3. Both the Quebecois and the Catalans have played the constitutional chicken game, with one coming off better than the other. The Quebecois were mollified, to an extent, by greater powers being ceded from the Canadian government, even though the Quebecois lost the second referendum as well as the first. The Catalans brought retribution down on their heads. It would be my guess that the UK would emulate Spain: both former imperial powers; both up to their necks in colonialism; both itching to give their recalcitrant ‘regions’ a good kicking. We differ from the Catalans in that we have the Treaty, but that will be a fat lot of good if we are not prepared to use it. What the Catalans have is an internal agreement with Madrid that no ‘region’ will separate from the Spanish whole, and, while our Treaty has been broken and its Articles breached almost to the point of ‘declaring war’ on us, its co-signatory, few appear to give any particular emphasis to that fact. I must admit that I am at a loss to understand the game the SNP is playing but it does seem to be that it is this: the greater the suffering (of the people least able to bear it – therefore, not the NO voters) the more people will turn to independence. Hmmm. Can’t say I’m at all persuaded. Maybe they do have an ace up their sleeve with the Referendums Bill, but I wouldn’t bank on it being allowed the oxygen for survival at the end of the day, given the constitutional adjudications of the past in this area. What they do seem to be doing is working within the tight parameters of devolved power, which is astounding, given that independence will never be achieved by those means, and that facing down the British State will have to be undertaken at some point if all is not to be lost. Forgive my cynicism, but are any of the SNP MPs and MSPs willing to do that?

    Liked by 1 person

  4. McEleny and McNeil. After today’s Ashcroft poll, maybe a few more will be prepared to stick their heads above the parapet.
    Very delicate situation. Everyone must stay united. But Sturgeon must be prepared to listen to people outside of the leadership bubble.

    Liked by 3 people

  5. Peter

    It you asked an English person to draw a map of England (only England)…could they?

    That test is the clue that ‘England will be fine alone’ is a lie. For many, that map would make their minds rebel. This is a country that has plaster over internal divisions via colonialism. Hence, I suspect once the stark truth is revealed (they are just one country on 1/2 a small Island – not an Island Nation) those internal tensions may finally re-surface and that “England” may not hold itself together.

    Just because England wants to go into reverse to a former glory, doesn’t mean they can control where it stops the reverse process – or even if they can. Remembered that before there was an England it was many tiny states…and those divisions are still visible.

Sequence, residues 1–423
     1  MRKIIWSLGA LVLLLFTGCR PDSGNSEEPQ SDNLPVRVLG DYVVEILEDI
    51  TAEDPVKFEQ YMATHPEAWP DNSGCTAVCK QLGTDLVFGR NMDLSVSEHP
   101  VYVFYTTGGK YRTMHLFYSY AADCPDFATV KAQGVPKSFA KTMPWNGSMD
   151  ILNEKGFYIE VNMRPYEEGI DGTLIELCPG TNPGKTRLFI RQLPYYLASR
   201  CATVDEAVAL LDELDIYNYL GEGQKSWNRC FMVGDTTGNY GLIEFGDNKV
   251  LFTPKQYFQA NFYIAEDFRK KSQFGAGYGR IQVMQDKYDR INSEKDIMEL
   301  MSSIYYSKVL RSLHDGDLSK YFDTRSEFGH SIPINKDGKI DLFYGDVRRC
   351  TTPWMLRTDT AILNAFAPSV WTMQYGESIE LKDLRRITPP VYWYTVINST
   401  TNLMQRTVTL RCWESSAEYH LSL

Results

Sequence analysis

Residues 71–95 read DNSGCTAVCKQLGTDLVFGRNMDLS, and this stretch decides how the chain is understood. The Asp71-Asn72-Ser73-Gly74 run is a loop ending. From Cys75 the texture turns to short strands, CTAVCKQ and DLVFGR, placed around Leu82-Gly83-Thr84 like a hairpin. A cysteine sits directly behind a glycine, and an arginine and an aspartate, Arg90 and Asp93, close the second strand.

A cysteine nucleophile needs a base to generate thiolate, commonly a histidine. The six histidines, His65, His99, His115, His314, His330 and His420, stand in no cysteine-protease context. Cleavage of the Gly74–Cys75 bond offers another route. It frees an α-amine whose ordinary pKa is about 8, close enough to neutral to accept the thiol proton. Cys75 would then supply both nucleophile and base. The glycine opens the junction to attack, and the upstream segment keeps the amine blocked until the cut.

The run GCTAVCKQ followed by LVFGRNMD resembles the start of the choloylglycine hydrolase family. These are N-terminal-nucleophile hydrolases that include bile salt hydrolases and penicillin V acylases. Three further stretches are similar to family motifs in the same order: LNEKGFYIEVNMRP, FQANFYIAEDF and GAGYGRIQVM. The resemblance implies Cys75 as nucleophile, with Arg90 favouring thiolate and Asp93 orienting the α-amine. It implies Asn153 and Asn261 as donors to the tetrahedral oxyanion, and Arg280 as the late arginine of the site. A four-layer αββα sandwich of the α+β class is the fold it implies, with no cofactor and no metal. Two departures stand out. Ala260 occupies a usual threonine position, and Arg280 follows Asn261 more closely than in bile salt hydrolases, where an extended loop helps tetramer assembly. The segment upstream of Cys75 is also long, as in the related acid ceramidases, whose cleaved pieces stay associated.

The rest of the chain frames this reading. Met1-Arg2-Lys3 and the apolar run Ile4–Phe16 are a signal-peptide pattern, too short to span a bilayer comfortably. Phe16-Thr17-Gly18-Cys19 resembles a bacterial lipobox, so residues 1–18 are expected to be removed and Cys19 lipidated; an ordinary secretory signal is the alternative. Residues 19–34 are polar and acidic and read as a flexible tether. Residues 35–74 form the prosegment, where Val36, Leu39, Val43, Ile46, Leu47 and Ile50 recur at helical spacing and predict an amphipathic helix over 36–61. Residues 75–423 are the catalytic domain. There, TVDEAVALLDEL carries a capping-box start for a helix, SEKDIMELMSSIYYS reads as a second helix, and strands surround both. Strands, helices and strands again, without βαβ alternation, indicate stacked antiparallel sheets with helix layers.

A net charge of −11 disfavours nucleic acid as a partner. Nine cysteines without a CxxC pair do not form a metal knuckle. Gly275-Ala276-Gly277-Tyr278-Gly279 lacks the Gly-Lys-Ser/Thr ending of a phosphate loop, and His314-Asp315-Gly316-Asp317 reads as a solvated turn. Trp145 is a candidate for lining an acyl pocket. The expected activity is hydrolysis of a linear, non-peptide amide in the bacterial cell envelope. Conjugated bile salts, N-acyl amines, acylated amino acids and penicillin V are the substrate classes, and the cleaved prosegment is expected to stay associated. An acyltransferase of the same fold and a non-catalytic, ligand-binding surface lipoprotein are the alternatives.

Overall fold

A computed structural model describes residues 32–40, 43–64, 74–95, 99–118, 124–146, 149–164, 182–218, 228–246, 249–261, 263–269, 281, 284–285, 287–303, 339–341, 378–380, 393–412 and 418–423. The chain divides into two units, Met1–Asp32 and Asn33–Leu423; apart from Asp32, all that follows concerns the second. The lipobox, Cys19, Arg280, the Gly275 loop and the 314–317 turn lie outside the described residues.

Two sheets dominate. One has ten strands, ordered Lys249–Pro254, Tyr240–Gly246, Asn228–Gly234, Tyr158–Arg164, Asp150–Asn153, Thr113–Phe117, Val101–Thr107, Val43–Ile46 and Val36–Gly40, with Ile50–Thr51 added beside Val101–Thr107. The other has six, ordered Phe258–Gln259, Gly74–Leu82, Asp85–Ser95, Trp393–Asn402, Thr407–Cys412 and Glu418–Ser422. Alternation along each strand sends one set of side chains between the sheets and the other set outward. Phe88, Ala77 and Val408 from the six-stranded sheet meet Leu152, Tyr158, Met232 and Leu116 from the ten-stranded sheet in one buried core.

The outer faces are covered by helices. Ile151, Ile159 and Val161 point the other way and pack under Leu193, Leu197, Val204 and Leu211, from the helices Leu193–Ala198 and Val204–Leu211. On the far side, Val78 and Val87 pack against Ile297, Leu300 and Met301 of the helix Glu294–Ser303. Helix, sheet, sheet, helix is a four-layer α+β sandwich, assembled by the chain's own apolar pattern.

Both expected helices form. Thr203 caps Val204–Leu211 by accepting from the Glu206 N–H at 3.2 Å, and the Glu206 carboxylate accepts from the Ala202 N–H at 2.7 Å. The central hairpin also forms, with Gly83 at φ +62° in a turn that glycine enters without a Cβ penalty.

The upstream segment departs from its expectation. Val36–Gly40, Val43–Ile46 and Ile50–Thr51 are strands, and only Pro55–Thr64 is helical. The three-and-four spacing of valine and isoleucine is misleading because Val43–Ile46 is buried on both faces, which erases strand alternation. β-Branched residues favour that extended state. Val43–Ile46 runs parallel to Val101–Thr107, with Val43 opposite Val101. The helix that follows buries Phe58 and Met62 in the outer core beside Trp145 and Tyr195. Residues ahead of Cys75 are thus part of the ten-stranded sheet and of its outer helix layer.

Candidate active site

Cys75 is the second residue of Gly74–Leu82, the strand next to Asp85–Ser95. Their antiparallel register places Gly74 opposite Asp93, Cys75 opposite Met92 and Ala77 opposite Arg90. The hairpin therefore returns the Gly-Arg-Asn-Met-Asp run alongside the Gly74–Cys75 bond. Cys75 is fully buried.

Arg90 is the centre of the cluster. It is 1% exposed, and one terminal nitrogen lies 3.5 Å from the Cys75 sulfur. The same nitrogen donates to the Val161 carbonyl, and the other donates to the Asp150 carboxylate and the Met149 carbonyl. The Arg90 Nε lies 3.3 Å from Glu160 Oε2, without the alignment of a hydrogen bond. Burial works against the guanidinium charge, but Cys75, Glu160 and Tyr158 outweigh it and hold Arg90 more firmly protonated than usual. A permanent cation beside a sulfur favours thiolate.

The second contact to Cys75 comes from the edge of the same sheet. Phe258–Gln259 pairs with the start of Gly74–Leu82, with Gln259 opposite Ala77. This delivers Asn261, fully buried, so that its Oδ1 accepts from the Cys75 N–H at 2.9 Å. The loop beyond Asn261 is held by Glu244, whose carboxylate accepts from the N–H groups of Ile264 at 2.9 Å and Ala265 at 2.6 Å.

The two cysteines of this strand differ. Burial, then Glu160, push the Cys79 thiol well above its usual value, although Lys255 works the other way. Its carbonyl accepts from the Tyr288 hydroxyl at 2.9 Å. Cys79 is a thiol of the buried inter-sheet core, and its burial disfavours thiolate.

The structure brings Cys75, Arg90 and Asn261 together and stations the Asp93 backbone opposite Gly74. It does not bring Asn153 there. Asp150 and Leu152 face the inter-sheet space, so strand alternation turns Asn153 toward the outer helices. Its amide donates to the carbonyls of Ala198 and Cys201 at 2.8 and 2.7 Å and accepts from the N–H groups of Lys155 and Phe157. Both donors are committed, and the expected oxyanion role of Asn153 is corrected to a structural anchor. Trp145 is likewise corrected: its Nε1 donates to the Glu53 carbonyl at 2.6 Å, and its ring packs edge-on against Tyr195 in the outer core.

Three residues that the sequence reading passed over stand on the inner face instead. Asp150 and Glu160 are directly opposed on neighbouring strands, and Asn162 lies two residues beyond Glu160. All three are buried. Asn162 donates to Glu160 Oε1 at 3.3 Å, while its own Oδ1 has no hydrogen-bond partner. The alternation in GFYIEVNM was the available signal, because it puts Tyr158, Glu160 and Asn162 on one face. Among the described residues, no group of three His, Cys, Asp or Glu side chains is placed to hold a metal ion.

Just as the perpetrator of Battered Wife Syndrome shows their emotional weakness through violence, part of the English elite’s weakness is that they are not an “Island Nation” and the sudden realisation in the population after 300 years will not go well for them.

    You have underestimated the risks and the weakness of the British (read English) elite. This is what they are playing for, and they won’t “chicken” willingly – you will have to make them.

    Like

    1. I didn’t say ‘England will be fine alone’. I said, “Scotland and England could undoubtedly function perfectly well as independent countries” and “The survival of neither England nor Scotland depends on the Union”. There is no “lie” there. To say that a nation can function perfectly well, or that it is not entirely dependent on political union with another nation does not imply that it will have no problems. It merely supposes that it will be at least as capable of dealing with those problems as any other nation. You indulge in a form of scaremongering about England viability as an independent nation that is indistinguishable from that deploy by British Nationalists with reference to Scotland.

      Of course ending the Union will be problematic for those with a British mindset. Far from having “underestimated the risks and the weakness of the British (read English) elite”, I quite explicitly acknowledged the fragility of the British political system when I wrote that the Union is “crucial to the preservation of a British political system which serves the ruling elites”.

      Frankly, I think you seriously overestimate the fragility of England. I have always maintained that ending the Union would benefit England as well as Scotland because, whatever else it does, it would prompt some serious thinking on the matter of an English national identity which has survived the Union far less we than Scotland’s. Despite England’s national identity having been eroded and diluted by the imposition of ‘Britishness’, I suspect it remains far stronger than that of any of the “tiny states” to which you refer.

      The ‘downgrading’ of British identity may be traumatic for some. But England has an obvious alternative to which it will surely turn. It will simply become England. Perhaps a ‘new’ England.

      Like